It will be a great addition to this Ready to Read downloadable story of Rona and the Moon.
But that’s not all. Watch this cool clip of this Rona and the Moon shadow play. Could you try this with the Ngā Mata o te Ariki Tāwhirimātea, picture cut outs?
Some super cool mahi from Kaleb and his mum. (I have a feeling mum is pretty talented too).
You’ve looked at poupou before and wondered how the tamariki can do such a good job. You aren’t an art teacher and you wouldn’t know where to start. Right?
This is a SIMPLE lesson. It has a scaffolded template to “hand hold” you, all the way along.
Here is some feedback
The whole school was amazed at how my year 1s had created such awesome artwork. We used Gavin bishops Rangi and Papa to learn about the Maori gods, then drew practise poupou using the guidelines. We then used our own creativity to draw the poupou representing the Maori gods by holding different things and making colour choices. At assembly the kids enjoyed sharing their art and saying the names of the gods. Thank you for this.
The resource comes posters of the nine pou (Matariki stars). Through the process of looking at the symbols, it will help learners
- understand the meaning of the whetū
- understand poupou and how they convey information
- find symbols to represent themselves (books, musical instruments-what do they like, or are they good at?)
This popular resource is available here-Matariki Māori Art.
Te Iwa o Matariki
Matariki Banner Freebie
Matariki Freebie Pukapuka
I almost forgot. This Matariki book was resurrected from the depths of my rorohiko.
It was made a couple of years ago and was popular. Also, we were asked to make a recording for kaiako who weren’t sure of the pronunciation.
Your learners will find this a great help.
Lastly, this Matariki pukapuka was enlarged to A4 so that it could be read to the class. It is available as an A3.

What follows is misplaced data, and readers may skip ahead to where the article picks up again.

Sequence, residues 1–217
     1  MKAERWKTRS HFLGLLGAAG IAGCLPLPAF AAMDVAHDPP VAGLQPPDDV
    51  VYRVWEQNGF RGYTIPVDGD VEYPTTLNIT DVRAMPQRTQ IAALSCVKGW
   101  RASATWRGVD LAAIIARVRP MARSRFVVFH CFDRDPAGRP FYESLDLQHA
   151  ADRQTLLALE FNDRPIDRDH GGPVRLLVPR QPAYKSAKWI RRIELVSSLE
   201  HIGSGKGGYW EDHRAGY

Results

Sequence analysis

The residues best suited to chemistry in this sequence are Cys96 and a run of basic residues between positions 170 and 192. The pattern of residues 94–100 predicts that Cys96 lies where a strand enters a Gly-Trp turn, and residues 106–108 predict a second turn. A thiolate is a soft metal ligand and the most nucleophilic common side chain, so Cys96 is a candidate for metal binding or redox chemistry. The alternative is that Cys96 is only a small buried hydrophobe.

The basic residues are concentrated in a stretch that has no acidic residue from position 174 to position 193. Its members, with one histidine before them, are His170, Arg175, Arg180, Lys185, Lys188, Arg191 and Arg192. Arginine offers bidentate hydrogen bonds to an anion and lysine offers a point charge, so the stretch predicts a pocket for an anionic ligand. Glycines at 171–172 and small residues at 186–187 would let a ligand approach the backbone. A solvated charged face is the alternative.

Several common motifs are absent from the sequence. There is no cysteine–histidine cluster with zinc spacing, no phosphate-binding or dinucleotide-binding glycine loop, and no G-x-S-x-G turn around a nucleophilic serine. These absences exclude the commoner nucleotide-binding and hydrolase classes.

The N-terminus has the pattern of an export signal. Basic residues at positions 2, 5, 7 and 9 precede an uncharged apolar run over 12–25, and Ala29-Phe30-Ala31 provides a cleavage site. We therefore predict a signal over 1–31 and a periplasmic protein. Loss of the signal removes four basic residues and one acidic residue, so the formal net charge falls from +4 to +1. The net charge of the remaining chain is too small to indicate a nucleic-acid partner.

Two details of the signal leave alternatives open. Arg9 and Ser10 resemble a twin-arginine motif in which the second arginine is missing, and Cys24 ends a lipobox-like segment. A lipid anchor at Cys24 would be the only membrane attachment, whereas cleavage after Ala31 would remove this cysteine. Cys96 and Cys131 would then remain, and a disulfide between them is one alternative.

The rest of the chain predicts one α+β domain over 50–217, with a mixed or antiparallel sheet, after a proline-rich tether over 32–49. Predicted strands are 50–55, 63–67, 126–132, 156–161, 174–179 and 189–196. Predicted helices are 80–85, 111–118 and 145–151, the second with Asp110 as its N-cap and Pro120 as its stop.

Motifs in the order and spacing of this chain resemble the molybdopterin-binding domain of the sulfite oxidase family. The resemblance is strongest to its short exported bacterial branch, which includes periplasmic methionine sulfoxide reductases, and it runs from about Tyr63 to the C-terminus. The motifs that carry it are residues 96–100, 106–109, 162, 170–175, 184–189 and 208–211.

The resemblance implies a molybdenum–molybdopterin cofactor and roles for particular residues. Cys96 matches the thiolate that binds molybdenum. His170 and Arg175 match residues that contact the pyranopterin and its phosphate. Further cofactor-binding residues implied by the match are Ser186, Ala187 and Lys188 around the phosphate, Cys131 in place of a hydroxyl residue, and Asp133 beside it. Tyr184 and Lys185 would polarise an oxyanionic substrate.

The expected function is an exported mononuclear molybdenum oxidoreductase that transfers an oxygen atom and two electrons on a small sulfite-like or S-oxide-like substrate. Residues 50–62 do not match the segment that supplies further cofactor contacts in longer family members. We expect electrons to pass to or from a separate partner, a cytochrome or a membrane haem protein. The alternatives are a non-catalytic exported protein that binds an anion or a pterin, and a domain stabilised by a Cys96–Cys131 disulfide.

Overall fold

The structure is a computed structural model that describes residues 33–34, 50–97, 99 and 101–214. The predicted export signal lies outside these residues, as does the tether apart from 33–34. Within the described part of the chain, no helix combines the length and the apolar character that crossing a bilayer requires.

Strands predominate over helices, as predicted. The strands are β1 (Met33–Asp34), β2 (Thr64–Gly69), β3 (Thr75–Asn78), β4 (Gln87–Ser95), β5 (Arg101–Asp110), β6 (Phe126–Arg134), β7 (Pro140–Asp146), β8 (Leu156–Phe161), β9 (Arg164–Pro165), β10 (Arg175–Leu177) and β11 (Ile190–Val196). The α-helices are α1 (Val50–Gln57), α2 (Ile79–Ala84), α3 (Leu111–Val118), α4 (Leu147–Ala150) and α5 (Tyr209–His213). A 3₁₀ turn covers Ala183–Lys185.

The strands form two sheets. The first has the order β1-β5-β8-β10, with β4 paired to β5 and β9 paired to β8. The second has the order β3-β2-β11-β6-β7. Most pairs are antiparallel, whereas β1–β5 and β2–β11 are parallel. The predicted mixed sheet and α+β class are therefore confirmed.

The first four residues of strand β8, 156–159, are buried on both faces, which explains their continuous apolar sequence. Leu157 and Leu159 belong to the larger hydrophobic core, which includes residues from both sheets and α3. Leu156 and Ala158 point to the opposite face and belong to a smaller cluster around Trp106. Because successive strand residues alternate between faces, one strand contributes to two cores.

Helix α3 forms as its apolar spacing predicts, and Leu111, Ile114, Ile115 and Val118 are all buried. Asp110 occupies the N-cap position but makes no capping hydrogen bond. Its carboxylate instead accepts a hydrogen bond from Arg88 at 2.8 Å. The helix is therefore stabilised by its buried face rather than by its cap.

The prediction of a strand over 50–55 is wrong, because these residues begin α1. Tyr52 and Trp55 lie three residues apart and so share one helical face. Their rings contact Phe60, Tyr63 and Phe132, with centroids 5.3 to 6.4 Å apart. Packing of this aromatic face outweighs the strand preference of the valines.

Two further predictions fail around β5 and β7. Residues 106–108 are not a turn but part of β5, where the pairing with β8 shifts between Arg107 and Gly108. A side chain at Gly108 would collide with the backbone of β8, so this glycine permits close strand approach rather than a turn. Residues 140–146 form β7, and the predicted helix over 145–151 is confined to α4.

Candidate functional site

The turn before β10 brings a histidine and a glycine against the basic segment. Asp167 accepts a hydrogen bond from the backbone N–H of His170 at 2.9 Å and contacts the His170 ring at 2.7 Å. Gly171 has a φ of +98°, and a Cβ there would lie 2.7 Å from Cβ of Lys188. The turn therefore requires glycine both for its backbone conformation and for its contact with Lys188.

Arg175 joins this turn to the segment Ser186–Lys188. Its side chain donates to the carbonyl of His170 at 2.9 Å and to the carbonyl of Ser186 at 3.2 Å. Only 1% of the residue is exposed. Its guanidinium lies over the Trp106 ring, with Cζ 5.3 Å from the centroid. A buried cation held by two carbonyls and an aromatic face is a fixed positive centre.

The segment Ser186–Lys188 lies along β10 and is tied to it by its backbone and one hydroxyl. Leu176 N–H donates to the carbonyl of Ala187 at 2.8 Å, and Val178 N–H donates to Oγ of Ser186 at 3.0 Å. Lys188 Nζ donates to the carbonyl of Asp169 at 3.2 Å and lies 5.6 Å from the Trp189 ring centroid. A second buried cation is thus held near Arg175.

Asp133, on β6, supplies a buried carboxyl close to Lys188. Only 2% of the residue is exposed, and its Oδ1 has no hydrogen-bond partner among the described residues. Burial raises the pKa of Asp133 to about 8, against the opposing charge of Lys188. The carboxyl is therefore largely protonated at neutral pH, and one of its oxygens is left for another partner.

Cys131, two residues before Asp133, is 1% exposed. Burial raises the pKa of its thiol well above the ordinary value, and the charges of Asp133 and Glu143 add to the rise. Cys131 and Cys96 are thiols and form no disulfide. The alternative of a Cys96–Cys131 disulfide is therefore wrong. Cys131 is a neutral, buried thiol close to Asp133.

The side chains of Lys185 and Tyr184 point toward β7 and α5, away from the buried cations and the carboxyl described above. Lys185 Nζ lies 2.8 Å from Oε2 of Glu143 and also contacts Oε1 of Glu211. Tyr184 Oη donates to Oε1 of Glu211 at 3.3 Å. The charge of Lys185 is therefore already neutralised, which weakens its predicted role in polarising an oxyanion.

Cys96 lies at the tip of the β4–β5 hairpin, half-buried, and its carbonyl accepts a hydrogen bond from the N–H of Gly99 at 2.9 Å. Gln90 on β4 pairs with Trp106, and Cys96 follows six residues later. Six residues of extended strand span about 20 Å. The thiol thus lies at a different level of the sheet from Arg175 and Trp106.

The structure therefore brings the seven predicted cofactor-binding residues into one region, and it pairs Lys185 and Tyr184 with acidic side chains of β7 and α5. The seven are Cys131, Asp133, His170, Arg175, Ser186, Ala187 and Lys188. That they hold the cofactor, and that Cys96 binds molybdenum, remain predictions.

I was lucky enough to have some muka (flax cord) to tie my book up with. After tying it I put a couple of card stars at the end to decorate. This would be a great koha.
All translations are in the teacher’s notes.
Te Kāhui Whetū o Matariki
The Constellation Matariki
This can be used as a read-a-long, a book for your learners to take home, a group reading activity. Older ākonga could read it to their buddies. You could have a couple in your waiting room, or at the library.
If you would like this wee pukapuka fill out the form below to sign up.
Sorry about all the forms but it helps me to know what content people are wanting so I can make more: )
It does also mean that you get emails when there’s a sale or some pānui that you might be interested in.
Why not make a Korowai to celebrate your hopes or goals for the coming year?
Hiwa-i-te-rangi is our whetū to wish upon and to profess our goals for the coming year.
Here is one way of using the korowai from Springston School.
Here are some feathers for you to use to make your own. Your learners can colour them or write whakataukī, words or descriptions on them. Seriously there are so many ways to use these on you korowai.